Model: Lumimeter (Mark 2)
Measure type: Enlarging meter
"The world's most famous enlarging exposure meter" says the instruction sheet. Except that I've never heard of it, and I'm pretty well read on this subject. I found out about it from a book called Exposure Control in Enlarging by George Wakefield, whch introduced me to a whole new range of darkroom meters that seem to exist only on the East side of the Atlantic. Perhaps the Brits weren't exposed to the meters on the American market like the Photoval. I never realized how regional and isolationist some of these things are.
According to Dr. Wakefield, this was very popular and long-lived in England, and was manufactured by The Rank Organization after Corfield went out of business. The box and paperwork I have all say Corfield, so I suppose I have an "original."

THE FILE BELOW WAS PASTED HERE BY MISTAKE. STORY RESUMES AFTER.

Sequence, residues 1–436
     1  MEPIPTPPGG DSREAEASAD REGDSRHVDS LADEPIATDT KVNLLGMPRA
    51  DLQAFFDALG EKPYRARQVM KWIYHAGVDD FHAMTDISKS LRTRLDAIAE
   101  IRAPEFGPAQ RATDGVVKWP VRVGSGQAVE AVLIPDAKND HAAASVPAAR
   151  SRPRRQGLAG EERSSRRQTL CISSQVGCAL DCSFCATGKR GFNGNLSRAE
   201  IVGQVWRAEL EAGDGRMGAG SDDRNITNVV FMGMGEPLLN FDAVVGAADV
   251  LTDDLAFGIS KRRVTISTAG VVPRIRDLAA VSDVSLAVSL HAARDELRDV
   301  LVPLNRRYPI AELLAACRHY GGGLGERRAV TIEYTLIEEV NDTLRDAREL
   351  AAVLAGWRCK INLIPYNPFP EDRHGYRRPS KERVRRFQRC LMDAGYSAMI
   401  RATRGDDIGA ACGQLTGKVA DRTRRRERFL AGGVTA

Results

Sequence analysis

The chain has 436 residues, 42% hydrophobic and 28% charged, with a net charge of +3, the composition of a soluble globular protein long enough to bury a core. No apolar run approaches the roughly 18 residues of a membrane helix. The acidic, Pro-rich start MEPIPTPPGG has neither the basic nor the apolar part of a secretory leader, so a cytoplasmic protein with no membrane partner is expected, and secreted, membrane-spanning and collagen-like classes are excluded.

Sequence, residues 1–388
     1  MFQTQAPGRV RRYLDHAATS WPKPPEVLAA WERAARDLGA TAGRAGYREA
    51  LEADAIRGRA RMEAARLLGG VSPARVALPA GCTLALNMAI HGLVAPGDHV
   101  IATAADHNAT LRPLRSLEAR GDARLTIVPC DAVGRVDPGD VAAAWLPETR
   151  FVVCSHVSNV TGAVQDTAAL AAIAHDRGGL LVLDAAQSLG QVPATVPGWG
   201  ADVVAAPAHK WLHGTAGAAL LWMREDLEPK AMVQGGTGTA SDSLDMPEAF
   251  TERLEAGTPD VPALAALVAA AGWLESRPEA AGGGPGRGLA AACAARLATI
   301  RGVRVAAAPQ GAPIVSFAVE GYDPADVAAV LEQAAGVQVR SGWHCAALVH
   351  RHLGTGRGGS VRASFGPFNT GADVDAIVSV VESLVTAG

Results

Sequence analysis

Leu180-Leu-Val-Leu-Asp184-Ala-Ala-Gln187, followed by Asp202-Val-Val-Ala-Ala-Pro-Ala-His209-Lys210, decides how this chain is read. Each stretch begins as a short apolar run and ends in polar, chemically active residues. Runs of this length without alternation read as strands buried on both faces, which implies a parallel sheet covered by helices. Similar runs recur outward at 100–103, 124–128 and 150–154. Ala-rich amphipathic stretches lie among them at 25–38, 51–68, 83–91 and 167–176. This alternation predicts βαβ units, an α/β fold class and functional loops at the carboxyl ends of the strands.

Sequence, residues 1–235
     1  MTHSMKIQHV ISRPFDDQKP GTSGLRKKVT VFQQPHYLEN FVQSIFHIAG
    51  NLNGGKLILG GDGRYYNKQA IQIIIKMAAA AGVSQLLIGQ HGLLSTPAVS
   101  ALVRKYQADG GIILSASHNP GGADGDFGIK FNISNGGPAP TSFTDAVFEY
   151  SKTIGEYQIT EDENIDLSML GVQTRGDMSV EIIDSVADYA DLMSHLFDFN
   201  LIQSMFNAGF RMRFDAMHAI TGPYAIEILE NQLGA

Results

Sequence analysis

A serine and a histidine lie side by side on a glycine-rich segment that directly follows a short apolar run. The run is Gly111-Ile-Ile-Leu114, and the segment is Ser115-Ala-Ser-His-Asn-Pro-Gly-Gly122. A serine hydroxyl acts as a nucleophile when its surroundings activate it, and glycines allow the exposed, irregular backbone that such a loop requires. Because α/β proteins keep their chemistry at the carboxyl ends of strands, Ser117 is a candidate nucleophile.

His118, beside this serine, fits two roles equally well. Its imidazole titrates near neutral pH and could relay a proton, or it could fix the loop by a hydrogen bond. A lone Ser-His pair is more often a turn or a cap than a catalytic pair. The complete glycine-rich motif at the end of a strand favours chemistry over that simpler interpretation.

I picked it up because it's the only one of its kind that I've seen—a visual comparison meter, not an electronic one. It works on a principle similar to the SEI Photometer: the light from a bulb illuminates a spot in the middle of the image that's taken from the enlarger. The user has a graduated neutral density step wedge in the user's sight path. The user adjusts the wedge until the brightness of the lamp most nearly matches the brightness of the surrounding area being compared. Then dial is calibrated and the user can determine how much light he's seeing.
I've never seen one like this for darkroom work, just electronic ones that work like regular CdS light meters.
The idea for this appears to have come from World War II era magazine articles. Kenneth Corfield built one and then improved on it, showed his friends and they asked him to build it for them. The original Mark 1 version was very different (see the link), but he further simplified and refined the concept into this Mark 2, which he sold commercially. That became the cornerstone of Corfield Cameras.